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Photo by Jorge Sanhueza Lyon/KUT. The bipolar disorder clinic run by Dell Medical School and Integral Care, Travis County’s mental health agency.

Employees at Integral Care, Travis County’s mental health agency, want to unionize

Tuesday, December 7, 2021 by Andrew Weber, KUT

Employees at Integral Care, the nonprofit that manages mental health care across the Austin area, intend to unionize.

A group of more than 20 employees gathered at Integral Care’s South Austin headquarters Monday morning, dropping off a letter to the nonprofit’s CEO, David Evans, informing him of their intent.

Employees say unionization would help address understaffing and high turnover at the mental health authority. Nearly 90 employees signed a letter in support of the union.

Alice Navarro, a community worker with Integral Care, said she’s had chronic respiratory conditions that aren’t covered by the nonprofit’s health benefits. She said she’s been ill recently and has had to balance work while also dealing with her illness. She can’t afford to see a specialist, and because of her condition, can’t do her job, which consists of meeting in person with people needing mental and behavioral health services.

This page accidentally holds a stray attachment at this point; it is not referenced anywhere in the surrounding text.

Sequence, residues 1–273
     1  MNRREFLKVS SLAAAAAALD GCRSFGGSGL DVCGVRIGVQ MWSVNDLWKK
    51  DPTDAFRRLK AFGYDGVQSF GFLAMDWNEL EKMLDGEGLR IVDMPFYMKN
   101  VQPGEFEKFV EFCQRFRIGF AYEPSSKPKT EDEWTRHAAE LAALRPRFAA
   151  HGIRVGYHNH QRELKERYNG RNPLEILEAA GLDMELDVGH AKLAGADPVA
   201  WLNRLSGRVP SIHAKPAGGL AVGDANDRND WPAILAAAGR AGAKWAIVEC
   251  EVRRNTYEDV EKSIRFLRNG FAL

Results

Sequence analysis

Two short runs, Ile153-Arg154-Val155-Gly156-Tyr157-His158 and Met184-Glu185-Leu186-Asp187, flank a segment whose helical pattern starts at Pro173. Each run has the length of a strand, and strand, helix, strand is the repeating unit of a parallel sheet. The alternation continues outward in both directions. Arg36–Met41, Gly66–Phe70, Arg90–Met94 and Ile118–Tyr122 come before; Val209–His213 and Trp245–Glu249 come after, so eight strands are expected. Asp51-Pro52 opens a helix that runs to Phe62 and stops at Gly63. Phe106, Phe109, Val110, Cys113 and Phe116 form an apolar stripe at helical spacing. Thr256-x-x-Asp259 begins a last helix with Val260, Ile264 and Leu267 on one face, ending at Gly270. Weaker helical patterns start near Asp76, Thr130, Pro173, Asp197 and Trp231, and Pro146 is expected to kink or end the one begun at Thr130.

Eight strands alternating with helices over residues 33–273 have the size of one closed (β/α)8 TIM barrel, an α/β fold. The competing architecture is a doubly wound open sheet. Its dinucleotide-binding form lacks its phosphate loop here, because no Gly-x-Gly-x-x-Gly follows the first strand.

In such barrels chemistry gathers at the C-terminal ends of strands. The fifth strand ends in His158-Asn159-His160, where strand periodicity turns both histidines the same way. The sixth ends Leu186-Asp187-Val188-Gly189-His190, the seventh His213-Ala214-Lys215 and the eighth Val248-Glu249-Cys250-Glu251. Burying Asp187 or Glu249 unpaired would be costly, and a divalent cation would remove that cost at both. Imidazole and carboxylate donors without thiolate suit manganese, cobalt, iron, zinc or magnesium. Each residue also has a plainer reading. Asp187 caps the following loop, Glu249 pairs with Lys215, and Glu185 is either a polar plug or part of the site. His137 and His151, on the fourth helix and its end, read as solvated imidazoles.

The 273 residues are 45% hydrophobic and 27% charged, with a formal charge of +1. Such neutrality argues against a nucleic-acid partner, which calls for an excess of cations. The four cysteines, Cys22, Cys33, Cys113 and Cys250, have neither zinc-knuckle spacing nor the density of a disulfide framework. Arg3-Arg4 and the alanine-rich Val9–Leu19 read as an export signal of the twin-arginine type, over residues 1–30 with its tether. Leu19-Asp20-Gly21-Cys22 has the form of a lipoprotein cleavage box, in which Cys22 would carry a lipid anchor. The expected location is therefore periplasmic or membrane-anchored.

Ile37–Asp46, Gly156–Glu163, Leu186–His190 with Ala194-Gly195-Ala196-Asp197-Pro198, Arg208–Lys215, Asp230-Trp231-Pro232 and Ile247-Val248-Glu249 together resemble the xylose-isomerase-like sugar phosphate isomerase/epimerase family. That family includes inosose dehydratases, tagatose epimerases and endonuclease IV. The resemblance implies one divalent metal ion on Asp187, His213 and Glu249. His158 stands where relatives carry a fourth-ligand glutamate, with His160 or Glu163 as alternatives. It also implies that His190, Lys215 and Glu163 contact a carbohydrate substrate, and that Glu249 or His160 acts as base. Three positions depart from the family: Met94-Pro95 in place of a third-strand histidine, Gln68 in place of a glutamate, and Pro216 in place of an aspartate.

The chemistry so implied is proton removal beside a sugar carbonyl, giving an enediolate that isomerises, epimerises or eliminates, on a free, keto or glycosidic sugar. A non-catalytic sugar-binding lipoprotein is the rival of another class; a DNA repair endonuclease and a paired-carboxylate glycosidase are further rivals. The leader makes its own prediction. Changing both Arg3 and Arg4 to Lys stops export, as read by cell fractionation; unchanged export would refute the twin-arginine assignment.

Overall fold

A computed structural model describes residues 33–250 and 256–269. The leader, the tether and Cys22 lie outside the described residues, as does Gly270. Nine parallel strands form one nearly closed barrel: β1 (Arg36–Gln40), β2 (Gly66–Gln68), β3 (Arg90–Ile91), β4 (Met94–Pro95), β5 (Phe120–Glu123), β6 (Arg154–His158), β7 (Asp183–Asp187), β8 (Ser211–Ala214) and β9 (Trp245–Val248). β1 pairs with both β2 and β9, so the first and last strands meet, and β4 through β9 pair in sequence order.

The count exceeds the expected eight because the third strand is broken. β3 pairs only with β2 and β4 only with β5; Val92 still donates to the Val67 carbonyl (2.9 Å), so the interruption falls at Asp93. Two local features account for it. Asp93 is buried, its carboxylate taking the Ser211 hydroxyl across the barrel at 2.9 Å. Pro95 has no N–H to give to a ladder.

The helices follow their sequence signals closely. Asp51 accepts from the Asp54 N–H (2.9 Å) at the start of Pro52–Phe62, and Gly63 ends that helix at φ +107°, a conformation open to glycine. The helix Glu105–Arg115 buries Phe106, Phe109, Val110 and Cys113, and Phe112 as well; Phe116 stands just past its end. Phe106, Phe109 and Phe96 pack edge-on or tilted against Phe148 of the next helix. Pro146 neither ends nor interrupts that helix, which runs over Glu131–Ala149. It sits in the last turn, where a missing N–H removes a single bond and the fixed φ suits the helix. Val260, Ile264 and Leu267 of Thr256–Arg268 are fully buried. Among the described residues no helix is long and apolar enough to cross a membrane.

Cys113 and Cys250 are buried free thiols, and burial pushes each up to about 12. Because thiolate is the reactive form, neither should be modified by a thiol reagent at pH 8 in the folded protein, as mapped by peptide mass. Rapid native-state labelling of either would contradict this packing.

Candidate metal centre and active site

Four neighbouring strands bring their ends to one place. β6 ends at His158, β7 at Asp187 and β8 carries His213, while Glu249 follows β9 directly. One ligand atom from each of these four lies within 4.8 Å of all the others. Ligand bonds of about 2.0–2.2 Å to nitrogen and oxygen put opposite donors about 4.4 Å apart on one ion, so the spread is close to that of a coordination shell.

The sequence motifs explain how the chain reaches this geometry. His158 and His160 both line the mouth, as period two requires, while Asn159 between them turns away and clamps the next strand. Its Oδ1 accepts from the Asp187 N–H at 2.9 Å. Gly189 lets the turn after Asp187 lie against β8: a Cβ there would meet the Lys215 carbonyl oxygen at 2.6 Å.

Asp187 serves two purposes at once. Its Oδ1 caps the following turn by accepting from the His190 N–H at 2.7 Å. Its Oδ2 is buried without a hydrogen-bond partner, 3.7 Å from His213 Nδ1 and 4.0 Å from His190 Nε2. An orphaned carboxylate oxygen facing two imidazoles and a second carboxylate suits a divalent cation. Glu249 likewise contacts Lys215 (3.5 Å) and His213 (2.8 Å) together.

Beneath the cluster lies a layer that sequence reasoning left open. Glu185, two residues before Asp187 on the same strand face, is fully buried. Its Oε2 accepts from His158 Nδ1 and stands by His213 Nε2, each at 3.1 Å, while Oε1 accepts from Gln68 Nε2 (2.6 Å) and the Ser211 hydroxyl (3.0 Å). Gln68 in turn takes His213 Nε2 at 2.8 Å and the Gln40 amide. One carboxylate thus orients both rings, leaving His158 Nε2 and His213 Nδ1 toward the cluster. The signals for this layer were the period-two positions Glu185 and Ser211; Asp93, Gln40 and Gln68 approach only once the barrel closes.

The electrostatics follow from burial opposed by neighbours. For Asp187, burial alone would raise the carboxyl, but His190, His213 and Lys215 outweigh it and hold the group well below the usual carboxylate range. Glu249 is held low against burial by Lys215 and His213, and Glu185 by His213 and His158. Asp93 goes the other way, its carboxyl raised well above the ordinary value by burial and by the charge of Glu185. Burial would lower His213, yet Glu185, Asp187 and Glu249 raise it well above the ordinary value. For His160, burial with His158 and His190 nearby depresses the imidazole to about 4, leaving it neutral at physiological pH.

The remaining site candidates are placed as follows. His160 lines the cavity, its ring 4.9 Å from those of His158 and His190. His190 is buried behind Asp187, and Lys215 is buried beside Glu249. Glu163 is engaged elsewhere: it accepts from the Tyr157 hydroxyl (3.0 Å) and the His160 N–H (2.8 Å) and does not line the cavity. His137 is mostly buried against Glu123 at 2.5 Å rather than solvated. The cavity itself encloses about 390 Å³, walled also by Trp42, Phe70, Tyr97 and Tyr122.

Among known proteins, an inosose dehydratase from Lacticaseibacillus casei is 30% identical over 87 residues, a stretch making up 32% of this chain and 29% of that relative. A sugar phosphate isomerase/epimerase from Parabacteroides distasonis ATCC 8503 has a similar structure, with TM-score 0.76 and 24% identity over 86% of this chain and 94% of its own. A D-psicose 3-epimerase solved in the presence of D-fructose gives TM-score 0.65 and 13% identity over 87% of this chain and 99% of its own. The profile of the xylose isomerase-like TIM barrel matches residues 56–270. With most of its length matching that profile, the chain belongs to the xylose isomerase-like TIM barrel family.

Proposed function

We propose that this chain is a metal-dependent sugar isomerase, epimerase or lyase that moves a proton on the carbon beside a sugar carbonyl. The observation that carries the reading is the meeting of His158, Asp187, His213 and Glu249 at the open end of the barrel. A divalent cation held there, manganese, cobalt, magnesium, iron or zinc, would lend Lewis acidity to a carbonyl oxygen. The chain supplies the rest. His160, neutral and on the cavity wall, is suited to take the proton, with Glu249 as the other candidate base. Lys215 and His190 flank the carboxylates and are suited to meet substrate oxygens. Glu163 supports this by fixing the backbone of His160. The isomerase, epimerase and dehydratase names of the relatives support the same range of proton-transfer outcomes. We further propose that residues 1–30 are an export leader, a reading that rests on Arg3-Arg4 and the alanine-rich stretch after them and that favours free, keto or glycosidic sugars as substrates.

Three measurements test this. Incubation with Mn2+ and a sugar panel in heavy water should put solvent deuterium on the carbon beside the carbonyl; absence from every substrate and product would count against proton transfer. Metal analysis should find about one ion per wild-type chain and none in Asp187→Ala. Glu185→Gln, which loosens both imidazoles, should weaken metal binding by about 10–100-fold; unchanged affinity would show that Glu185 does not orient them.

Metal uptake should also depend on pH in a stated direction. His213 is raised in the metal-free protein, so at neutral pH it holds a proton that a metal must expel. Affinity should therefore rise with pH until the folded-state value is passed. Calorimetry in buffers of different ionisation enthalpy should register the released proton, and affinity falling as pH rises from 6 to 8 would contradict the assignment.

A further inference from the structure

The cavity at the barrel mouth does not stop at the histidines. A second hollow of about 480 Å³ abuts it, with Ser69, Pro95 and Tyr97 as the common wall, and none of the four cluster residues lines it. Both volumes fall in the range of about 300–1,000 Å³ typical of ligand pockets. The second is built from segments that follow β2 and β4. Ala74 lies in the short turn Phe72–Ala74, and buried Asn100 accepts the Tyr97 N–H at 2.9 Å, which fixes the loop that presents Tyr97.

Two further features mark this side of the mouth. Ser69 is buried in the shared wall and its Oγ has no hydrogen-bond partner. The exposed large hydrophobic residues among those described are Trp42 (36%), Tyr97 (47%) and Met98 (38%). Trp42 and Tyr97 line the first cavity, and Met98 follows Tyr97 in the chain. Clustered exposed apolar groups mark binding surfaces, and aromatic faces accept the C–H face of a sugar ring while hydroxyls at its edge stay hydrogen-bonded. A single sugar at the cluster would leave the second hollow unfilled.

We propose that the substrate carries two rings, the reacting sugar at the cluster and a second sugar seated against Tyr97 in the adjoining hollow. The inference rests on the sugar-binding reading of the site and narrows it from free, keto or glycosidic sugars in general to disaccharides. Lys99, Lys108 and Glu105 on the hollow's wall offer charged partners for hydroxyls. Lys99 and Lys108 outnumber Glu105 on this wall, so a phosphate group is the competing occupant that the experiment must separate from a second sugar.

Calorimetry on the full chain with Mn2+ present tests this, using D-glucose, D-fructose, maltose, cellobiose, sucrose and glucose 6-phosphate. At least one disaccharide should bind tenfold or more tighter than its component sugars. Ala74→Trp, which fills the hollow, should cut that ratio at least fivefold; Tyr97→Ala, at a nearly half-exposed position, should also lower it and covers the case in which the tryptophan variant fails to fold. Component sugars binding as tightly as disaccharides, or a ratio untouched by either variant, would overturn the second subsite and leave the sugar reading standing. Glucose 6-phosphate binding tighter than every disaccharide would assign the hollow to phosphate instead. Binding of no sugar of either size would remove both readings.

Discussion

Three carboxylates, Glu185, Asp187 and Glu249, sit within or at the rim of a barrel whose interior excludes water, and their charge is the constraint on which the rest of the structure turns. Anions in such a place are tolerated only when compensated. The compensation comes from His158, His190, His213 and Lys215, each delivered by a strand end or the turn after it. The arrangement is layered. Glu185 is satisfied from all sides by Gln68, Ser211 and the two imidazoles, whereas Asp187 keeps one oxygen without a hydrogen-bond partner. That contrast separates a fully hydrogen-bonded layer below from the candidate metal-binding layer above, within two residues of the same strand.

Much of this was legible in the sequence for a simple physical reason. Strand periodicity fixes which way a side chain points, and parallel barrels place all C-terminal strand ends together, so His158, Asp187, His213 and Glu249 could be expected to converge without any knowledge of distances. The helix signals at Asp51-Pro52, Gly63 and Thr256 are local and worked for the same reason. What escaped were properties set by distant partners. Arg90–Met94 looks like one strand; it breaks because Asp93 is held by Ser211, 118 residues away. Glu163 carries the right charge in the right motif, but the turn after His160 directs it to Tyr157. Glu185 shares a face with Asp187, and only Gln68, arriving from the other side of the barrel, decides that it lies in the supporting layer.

“I jokingly said to my colleague, I know our vision is ‘Better living for everyone,’ but does that also apply to our staff?” she said. “Because I’m a community worker, and I’m expected to meet with clients in the community, and how can I meet with clients when I’m in this condition?”

Navarro said many of her clients are homeless, or, if they are housed, she often has to meet them in their homes, which is tough if she’s dealing with a respiratory illness.

Raven Rojas, a rehabilitation specialist with Integral Care at the Community First! Village, primarily works with people transitioning out of homelessness. She says the wages she’s paid aren’t livable in light of Austin’s perennial issues with affordability.

“Our main issue is that we don’t have livable wages to maintain housing and bills in Austin,” she said. “It’s just tragic, because we’re providing services to disadvantaged populations, but at the same time we are being oppressed in a way as well.”

In a statement to KUT, Integral Care said it was aware of the letter but didn’t specify whether it would support the effort.

“We are taking the time necessary to review this information thoroughly and reply in a timely manner,” the statement read. “Integral Care values our employees and is always open to listening to and understanding employee concerns.”

This story was produced as part of the Austin Monitor’s reporting partnership with KUT.

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